A recent study used a Parkinson’s disease drug to try and regulate impulsive behavior. Results showed that people who were naturally impulsive were less so after taking tolcapone.
"Talk to your doctor about your impulsive tendencies."
Andrew Kayser, PhD, assistant professor of neurology at the University of California at San Francisco, led an investigation into dopamine’s effect on impulse behavior.
For the study, 23 adults were given tolcapone, which is a dopamine-degrading enzyme, or a placebo. The test subjects were then asked to choose a small amount of money now or a larger amount later.
Each subject was tested at baseline, after taking a placebo and after taking tolcapone. Magnetic resonance imaging (MRI) scans were done during the test to see the frontal cortex both on and off the drug.
Impulse behavior can come from a person not wanting a delayed reward. This need for more immediate reward can come from frontal lobe damage or a behavioral disorder.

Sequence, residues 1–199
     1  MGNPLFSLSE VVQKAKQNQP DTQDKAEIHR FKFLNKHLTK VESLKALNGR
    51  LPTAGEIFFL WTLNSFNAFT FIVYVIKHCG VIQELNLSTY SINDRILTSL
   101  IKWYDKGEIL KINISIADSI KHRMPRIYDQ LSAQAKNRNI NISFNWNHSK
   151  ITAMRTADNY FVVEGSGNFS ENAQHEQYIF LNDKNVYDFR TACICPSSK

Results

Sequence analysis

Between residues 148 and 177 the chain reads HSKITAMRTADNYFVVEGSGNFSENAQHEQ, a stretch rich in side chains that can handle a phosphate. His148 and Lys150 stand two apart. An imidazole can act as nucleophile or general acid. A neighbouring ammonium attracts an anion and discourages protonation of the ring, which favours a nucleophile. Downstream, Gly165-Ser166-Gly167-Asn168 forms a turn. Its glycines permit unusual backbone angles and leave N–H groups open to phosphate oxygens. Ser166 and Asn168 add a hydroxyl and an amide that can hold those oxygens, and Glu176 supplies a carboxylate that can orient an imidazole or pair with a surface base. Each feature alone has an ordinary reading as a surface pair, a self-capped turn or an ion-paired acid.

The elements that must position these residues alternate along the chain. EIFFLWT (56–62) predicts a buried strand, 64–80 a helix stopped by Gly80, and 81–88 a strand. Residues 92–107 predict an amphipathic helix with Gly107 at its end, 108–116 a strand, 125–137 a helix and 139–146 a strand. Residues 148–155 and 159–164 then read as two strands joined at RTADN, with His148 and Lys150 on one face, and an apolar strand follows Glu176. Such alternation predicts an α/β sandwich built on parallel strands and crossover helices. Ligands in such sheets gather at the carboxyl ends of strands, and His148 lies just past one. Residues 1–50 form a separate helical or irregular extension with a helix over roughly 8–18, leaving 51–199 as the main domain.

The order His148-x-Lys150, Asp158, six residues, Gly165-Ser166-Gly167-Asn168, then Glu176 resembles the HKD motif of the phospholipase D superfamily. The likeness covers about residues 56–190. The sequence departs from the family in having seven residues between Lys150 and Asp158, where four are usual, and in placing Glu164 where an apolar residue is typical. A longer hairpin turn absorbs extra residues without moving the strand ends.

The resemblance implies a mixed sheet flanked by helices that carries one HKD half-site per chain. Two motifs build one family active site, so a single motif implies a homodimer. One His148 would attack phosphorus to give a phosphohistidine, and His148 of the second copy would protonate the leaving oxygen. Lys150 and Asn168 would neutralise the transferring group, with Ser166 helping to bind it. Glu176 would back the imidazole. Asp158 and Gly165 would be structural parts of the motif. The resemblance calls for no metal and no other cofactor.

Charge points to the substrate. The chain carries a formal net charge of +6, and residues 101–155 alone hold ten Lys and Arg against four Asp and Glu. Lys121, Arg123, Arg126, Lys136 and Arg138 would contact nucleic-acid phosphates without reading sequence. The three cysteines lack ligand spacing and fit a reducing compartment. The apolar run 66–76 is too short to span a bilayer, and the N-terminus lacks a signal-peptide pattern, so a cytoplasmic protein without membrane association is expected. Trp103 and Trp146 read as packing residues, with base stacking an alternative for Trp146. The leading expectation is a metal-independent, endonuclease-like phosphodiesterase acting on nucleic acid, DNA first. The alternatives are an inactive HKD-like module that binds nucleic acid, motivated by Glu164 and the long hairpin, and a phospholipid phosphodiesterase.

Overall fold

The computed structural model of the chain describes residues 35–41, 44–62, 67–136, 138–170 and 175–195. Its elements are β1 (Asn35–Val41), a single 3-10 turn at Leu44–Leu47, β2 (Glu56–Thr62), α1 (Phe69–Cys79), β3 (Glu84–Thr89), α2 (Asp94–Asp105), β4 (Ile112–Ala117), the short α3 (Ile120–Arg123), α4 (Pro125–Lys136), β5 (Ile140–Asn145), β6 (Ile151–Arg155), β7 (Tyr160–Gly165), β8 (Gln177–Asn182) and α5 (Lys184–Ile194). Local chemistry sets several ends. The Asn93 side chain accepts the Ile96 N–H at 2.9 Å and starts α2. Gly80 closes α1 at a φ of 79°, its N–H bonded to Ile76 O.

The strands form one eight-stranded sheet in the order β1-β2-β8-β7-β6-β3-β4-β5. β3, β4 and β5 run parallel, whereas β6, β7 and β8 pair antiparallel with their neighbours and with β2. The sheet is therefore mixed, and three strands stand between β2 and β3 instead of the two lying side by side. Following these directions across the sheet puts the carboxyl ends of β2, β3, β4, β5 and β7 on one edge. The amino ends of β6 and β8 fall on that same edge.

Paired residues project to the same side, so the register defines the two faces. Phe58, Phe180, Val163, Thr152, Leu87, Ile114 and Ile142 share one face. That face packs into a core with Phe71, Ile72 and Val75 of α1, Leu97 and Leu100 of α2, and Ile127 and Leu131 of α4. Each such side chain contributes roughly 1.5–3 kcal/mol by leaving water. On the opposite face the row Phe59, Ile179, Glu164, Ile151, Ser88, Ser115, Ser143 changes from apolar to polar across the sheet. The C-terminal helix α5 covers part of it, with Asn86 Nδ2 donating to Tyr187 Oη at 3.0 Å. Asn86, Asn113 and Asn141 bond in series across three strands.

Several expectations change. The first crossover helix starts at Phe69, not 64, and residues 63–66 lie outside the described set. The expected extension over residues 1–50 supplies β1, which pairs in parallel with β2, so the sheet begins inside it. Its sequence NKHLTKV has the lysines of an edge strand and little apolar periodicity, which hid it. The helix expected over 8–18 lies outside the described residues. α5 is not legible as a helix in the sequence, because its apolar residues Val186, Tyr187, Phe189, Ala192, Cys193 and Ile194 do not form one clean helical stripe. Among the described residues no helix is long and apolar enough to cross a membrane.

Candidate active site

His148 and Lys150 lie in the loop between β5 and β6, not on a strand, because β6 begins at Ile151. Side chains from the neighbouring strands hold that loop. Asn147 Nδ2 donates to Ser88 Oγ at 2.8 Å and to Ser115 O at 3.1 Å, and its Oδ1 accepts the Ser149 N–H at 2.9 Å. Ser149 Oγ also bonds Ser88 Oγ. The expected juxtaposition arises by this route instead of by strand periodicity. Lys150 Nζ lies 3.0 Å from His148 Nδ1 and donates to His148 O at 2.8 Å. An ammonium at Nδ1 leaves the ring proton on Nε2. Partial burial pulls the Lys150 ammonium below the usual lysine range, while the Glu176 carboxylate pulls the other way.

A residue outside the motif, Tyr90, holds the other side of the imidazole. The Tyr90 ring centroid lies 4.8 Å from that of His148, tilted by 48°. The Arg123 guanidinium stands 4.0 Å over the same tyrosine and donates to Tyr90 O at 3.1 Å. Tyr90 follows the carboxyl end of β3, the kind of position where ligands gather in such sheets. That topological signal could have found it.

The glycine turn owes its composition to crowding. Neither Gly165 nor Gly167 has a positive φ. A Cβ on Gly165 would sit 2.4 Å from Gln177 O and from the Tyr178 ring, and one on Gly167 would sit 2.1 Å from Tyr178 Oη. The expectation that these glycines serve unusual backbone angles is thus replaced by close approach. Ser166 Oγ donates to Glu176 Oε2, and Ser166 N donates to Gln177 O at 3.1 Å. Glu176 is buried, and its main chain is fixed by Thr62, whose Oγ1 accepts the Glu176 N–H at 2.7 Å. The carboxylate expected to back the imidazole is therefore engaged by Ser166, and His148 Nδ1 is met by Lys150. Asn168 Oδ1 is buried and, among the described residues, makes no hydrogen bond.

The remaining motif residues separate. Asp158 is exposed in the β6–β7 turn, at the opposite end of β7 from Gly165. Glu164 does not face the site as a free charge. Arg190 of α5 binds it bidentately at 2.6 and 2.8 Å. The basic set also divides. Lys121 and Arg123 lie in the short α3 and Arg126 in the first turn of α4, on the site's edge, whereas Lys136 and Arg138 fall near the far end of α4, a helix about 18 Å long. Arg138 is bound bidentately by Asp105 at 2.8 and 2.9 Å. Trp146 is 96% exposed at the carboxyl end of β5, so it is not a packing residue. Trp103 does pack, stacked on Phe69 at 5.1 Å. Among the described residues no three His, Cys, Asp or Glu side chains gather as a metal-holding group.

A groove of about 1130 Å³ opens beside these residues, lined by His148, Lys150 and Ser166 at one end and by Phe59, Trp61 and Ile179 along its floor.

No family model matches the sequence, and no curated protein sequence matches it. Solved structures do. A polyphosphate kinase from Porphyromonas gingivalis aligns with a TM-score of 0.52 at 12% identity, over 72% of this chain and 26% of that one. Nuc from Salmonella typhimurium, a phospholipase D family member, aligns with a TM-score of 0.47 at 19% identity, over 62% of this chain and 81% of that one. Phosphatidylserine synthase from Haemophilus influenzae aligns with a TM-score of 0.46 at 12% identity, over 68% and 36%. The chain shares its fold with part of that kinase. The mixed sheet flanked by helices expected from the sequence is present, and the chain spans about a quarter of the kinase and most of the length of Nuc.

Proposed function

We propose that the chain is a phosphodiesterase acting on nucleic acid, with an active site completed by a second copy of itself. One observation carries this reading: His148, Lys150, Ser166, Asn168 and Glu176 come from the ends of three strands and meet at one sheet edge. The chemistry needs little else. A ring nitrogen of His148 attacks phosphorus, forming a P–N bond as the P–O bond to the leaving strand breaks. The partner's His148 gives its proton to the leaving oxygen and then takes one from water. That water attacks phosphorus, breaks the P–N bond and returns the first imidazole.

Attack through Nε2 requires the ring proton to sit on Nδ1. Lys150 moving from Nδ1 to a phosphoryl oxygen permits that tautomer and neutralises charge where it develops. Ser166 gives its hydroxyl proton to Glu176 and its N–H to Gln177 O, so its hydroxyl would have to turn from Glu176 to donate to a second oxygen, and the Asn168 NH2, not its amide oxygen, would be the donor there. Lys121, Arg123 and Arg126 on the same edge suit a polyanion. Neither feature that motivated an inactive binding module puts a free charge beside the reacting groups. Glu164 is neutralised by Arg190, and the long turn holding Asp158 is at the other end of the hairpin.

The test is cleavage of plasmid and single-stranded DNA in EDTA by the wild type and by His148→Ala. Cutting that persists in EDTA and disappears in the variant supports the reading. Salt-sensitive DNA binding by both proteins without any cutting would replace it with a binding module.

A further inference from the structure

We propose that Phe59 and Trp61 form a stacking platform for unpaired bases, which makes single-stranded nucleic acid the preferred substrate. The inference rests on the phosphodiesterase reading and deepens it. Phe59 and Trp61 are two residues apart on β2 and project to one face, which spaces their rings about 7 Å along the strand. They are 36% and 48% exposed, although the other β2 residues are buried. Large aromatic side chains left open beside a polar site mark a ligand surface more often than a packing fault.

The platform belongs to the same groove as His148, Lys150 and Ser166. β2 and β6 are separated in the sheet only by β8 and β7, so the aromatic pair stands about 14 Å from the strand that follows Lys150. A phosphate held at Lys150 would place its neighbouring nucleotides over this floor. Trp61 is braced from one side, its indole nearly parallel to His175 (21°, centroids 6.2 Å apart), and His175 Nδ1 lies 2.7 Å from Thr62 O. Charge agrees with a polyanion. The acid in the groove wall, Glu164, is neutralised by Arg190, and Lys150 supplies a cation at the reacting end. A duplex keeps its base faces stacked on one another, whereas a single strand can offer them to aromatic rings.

Subjects were less impulsive in their decision making after taking tolcapone, even those deemed impulsive before taking the drug.
Dr. Keyser said, “Impulsivity is a risk factor for addiction to many substances, and it has been suggested that people with lower dopamine levels in the frontal cortex tend to be more impulsive.”
“We wanted to see if we could decrease impulsivity by raising dopamine, and it seems as if we can.”
“Most, if not all, drugs of abuse, such as cocaine and amphetamine, directly or indirectly involve the dopamine system.”
Further studies will be necessary to determine whether tolcapone will work in ‘real world’ situations, such as under the influence of alcohol, not just a fictitious money-reward scenario.
This was a small study and further trials will be necessary to test its efficacy.
Tolcapone is on the market as a treatment drug for Parkinson’s disease.
This study was published in July by the Journal of Neuroscience. The study was funded by the Wheeler Center for the Neurobiology of Addiction, the US Army Telemedicine and Advanced Technology Research Center and The Foundation for Alcohol Research and the State of California, no conflicts of interest were found.